{SU‐D‐220‐02}: Optimal transducer positions for {4D} ultrasound guidance in cardiac {IGRT}

Type of publication:  Artikel in einem Konferenzbericht
Buchtitel: 53rd Annual Meeting of the AAPM
Serie: Medical Physics
Band: 38
Nummer: 6
Jahr: 2011
Monat: Juli
Seiten: 3390
Notiz: SU‐D‐220‐02
Querverweis: AAPM11:
Annual Meeting of the AAPM, American Association of Physicists in Medicine, 2011
DOI: 10.1118/1.3611550
Abriss: Purpose: Currently effort is taken to use radiation therapy to cure arrhythmia. In this circumstance the left atrium and the pulmonary veins have to be irradiated. While the precise robot system placing the beam onto a moving target already exists, sensory information for target movement acquisition and heart‐beat motion compensation still have to be analyzed. One possibility for real‐time, direct target localization during treatment is three‐dimensional, transthoracic ultrasound requiring a transducer to be positioned on the patient's chest. The imaging and ‐as a result ‐tracking quality highly depends on this positioning choice. Especially when a patient lies in treatment position on his back, it is difficult to find a transducer position, which allows suitable imaging quality. Methods: We present an automatic algorithm which calculates the patient‐specific ultrasound imaging quality from a given CT scan. A quality function is executed in real‐time on the graphics card calculating the target reflectivity in beam direction as well as the distance and the absorption in the line of sight from transducer to the chosen target. The optimal transducer position is found as the area on the skin with the best results of the quality function and at least the area of the size of the ultrasound transducer. Results: We have tested the algorithm with 10 CTs. For general cardiac imaging the calculated transducer positions mostly fit with the typical ultrasound views found in literature. Nevertheless, the acquisition of special targets, such as the atria and pulmonary veins, often requires or at least profits from an off‐standard transducer placement. Conclusions: We have found a reliable method to calculate an optimal transducer position for a specific target inside the heart without the need to iteratively search and optimize it. In this way electronic (e.g. robotic) transducer placement during treatment becomes possible.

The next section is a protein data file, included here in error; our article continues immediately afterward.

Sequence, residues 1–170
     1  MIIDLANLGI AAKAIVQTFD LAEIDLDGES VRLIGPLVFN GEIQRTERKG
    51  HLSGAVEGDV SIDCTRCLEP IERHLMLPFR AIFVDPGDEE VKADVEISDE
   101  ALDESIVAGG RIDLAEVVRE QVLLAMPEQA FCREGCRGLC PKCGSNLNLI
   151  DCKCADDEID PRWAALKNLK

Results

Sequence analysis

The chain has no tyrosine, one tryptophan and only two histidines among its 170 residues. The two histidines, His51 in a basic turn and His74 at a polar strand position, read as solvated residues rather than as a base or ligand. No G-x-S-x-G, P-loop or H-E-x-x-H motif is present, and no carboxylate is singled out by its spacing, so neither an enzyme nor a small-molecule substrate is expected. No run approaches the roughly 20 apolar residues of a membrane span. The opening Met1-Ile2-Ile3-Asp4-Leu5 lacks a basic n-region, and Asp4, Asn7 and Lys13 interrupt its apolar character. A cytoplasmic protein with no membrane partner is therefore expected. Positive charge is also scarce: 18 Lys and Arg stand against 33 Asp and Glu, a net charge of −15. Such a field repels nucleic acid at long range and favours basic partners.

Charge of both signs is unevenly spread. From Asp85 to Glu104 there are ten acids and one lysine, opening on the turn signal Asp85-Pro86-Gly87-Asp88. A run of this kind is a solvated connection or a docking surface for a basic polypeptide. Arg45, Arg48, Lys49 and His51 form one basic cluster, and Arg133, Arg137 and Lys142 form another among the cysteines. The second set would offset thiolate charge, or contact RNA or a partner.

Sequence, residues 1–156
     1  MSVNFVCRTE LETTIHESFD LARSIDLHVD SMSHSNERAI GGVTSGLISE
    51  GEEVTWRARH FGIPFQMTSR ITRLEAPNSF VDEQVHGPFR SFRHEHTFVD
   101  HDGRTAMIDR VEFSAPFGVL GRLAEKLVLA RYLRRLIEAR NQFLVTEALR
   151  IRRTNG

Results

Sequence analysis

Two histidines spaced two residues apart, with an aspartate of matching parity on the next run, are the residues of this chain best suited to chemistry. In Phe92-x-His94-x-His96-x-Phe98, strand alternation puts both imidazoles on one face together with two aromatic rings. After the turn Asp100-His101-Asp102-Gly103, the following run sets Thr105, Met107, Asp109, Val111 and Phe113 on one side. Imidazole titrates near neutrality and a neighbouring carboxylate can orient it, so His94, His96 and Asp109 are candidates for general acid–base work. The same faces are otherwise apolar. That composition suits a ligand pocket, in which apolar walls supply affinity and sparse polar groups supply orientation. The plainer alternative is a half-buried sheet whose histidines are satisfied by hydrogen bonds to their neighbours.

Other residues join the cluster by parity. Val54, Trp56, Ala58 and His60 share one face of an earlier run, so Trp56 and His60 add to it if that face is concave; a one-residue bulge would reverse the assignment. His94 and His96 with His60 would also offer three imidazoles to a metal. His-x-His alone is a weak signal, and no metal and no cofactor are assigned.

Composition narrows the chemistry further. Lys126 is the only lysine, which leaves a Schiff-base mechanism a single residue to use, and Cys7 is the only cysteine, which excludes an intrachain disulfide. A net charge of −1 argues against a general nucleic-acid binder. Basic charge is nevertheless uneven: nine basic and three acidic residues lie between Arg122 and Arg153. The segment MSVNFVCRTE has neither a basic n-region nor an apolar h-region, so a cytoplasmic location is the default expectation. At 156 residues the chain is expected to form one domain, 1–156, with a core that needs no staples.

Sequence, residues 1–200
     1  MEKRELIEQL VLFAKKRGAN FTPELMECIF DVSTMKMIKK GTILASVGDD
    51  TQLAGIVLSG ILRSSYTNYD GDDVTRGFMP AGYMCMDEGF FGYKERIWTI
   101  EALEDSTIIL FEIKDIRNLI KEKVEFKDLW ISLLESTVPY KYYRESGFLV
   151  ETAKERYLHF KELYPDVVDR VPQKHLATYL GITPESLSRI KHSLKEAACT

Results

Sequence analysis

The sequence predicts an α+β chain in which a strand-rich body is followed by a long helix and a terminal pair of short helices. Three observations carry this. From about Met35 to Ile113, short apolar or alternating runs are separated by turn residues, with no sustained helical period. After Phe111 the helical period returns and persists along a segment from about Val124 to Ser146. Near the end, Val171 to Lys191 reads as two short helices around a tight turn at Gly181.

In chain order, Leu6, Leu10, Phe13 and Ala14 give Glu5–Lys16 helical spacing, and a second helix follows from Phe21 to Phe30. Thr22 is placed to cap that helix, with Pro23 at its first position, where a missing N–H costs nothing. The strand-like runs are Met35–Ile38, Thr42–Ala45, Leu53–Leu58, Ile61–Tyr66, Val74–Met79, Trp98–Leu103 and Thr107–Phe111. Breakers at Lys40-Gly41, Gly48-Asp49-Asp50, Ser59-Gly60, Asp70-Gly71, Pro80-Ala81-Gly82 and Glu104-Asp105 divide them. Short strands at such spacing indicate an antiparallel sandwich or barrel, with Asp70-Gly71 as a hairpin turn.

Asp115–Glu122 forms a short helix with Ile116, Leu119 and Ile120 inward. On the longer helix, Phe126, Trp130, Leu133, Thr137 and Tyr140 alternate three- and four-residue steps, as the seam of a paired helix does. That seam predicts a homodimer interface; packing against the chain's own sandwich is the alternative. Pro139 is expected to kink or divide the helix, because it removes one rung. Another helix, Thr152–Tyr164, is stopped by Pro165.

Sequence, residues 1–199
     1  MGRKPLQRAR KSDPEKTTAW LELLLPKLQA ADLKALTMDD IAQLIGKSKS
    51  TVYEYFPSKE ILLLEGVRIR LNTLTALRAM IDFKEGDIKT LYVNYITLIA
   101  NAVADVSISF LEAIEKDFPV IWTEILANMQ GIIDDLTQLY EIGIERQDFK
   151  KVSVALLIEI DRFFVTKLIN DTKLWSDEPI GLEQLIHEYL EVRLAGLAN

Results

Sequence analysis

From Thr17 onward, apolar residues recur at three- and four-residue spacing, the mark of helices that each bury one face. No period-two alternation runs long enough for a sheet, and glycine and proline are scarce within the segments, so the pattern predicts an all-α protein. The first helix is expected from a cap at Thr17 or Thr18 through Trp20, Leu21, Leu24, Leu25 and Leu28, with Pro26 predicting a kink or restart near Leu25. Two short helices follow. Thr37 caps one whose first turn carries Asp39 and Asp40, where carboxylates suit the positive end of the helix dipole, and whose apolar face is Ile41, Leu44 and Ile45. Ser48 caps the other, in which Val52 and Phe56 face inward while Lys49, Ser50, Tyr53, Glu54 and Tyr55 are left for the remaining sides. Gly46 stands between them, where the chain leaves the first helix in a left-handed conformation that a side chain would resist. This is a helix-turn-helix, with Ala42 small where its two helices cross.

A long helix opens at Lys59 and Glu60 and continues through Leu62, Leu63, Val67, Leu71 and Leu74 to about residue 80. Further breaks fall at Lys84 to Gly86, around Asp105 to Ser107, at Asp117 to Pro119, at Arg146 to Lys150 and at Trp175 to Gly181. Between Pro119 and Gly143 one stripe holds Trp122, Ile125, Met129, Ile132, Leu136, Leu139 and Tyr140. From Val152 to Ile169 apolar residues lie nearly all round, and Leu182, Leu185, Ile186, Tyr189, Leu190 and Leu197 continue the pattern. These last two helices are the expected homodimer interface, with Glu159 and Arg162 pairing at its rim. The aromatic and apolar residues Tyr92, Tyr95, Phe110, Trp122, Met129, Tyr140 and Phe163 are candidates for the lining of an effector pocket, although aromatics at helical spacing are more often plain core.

Autoren: Bruder, Ralf
Ernst, Floris
Schweikard, Achim